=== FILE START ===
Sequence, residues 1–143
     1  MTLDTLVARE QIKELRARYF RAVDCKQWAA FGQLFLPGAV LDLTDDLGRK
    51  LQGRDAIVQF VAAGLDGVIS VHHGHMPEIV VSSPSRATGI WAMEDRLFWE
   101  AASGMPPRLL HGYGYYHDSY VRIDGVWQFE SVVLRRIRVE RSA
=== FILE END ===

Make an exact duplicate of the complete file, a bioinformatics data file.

Sequence, residues 1–143
     1  MTLDTLVARE QIKELRARYF RAVDCKQWAA FGQLFLPGAV LDLTDDLGRK
    51  LQGRDAIVQF VAAGLDGVIS VHHGHMPEIV VSSPSRATGI WAMEDRLFWE
   101  AASGMPPRLL HGYGYYHDSY VRIDGVWQFE SVVLRRIRVE RSA